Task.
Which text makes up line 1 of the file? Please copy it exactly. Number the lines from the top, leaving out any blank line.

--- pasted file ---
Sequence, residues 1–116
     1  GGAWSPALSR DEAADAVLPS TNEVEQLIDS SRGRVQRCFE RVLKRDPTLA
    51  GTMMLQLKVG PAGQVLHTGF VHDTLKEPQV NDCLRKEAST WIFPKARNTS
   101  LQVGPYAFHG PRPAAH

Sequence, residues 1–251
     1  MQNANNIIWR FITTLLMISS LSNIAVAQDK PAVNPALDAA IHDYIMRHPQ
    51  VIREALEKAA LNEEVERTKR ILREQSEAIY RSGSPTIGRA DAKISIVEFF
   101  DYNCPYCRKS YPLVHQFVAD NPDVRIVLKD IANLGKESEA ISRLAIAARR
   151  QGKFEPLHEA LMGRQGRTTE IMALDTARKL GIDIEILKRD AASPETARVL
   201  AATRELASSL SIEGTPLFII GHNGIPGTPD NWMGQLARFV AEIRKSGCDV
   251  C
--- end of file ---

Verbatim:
Sequence, residues 1–116